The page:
Search on website
Show more
chevron-left-black Summaries

Anesthesia-Related Waste Streams

Key Points

  • Anesthesia-related waste can be categorized as regulated medical waste, which requires special processing, and solid waste, which doesn’t require special processing.
  • Much of the waste produced by anesthesia care is inappropriately placed in regulated medical waste streams, resulting in increased environmental impact as well as cost.
  • Anesthesia providers have an opportunity to reduce their environmental impact by initiating programs to reduce waste reduction and improve waste sorting, promote the utilization of reusable products, and donate used products where they are needed.


The Scale of Anesthesia-Related Waste

  • American healthcare facilities produce large volumes of medical waste per year and contribute about 8% of US greenhouse gas emisions.1
  • Surgical departments are major contributors to healthcare-generated waste, accounting for 20-30% of total hospital garbage production.2
  • Anesthesia services may account for around 25% of all waste produced in operating rooms.3
  • One study estimated that anesthesia services generated 2,300kg of waste per operating room (OR) per year.4

Types of Waste

  • Waste produced in the healthcare setting is broadly divided into solid waste (SW) and regulated medical waste (RMW).

Figure 1. Typical SW (white) and RMW (red) receptacles

  • SW includes noncontaminated products, which may be removed using standard waste removal protocols (or recycled, if eligible). The World Health Organization estimates that 80% of healthcare-generated waste should be categorized as SW.5
  • RMW requires special processing to keep the public safe from contaminants, such as infectious agents.5 Subcategories of RMW may include:
    • materials soiled with bodily fluids or other potentially infectious materials; and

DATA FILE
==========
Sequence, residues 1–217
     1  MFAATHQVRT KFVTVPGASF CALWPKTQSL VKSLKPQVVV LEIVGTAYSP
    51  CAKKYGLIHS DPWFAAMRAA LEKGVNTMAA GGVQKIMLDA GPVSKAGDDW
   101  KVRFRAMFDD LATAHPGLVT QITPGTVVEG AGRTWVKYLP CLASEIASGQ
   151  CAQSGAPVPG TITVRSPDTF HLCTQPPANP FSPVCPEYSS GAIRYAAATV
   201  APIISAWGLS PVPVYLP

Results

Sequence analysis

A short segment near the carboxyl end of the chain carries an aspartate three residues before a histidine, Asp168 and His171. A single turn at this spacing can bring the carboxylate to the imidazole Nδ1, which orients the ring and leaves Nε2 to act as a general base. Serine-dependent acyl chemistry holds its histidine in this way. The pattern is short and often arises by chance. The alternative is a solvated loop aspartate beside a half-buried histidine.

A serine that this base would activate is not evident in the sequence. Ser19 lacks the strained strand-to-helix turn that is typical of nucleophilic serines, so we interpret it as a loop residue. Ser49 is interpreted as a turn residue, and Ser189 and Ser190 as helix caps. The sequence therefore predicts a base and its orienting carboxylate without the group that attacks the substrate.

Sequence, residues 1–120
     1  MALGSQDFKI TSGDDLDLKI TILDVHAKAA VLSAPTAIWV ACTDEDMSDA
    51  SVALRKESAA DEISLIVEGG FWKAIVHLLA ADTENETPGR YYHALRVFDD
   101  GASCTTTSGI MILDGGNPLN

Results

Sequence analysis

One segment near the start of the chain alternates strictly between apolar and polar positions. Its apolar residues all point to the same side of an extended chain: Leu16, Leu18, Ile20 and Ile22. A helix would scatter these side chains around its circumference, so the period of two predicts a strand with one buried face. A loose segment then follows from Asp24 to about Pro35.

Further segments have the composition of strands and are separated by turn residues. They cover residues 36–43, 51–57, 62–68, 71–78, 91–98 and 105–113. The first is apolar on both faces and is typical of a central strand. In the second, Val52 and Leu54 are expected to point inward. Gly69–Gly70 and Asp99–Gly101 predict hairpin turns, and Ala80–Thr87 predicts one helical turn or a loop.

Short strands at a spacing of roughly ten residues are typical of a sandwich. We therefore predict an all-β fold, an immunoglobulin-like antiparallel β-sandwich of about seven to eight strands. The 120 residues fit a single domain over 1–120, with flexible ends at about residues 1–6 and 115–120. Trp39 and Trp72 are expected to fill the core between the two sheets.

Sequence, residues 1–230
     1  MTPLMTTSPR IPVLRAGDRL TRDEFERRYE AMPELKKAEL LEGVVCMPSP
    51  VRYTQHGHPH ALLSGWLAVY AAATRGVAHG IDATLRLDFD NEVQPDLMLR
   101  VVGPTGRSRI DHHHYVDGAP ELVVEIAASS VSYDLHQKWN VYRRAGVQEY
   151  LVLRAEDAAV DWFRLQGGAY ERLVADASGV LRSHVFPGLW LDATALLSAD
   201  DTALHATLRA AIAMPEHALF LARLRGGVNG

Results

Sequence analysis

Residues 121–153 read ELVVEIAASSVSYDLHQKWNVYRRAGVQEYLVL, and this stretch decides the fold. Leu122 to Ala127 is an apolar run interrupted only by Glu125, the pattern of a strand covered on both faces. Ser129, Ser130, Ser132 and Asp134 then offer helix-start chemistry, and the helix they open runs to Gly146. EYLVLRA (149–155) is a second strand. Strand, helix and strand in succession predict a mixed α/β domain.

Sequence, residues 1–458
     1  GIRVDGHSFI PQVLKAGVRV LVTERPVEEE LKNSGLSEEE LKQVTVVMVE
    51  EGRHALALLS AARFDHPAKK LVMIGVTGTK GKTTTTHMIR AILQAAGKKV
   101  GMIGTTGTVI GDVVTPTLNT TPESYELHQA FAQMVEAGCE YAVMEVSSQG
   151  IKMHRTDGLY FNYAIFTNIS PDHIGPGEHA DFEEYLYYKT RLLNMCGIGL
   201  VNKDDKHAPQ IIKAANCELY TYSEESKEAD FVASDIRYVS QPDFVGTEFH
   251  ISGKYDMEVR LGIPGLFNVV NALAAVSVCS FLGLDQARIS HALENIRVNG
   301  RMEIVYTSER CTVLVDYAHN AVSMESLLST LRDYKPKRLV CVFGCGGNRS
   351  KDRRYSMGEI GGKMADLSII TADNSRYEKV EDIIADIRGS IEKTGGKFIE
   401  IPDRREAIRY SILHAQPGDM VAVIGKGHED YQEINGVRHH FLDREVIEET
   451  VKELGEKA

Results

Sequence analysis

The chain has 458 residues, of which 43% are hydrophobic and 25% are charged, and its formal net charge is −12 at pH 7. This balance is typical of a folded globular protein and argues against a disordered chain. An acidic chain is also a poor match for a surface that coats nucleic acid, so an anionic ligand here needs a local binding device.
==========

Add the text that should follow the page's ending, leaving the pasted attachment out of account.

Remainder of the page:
• sharp objects, including needles, scalpels, or contaminated glass containers, which could cause bodily injury or act as a source of infection.
  • Radioactive materials used in treatments of certain diseases, such as cancer.

Figure 2. Typical OR waste stream

Effects and Challenges in Anesthesia Waste Management

Environmental & Economic Impacts of Waste Types

  • Solid waste generated by healthcare facilities poses no more risk than SW produced in any other setting.
  • Regulated medical waste requires additional processing, through either steam sterilization before landfill placement or through incineration. Steam sterilization is an energy-intense process, and incineration produces greenhouse gas emissions and may release multiple environmental toxins.6
  • As a result of the special handling and processing required, RMW is up to 500% more expensive to eliminate than SW.2

Possibilities for Improvement

Reuse, Recycling, and Donation

  • One way to reduce anesthesia waste production is by utilizing multi-use products, such as nondisposable laryngoscope handles and blades. Such instruments are both more environmentally friendly and cheaper over time.7
  • A large portion of waste generated by anesthesia practice is recyclable.3 Recycling items removes them from either the SW or RMW streams.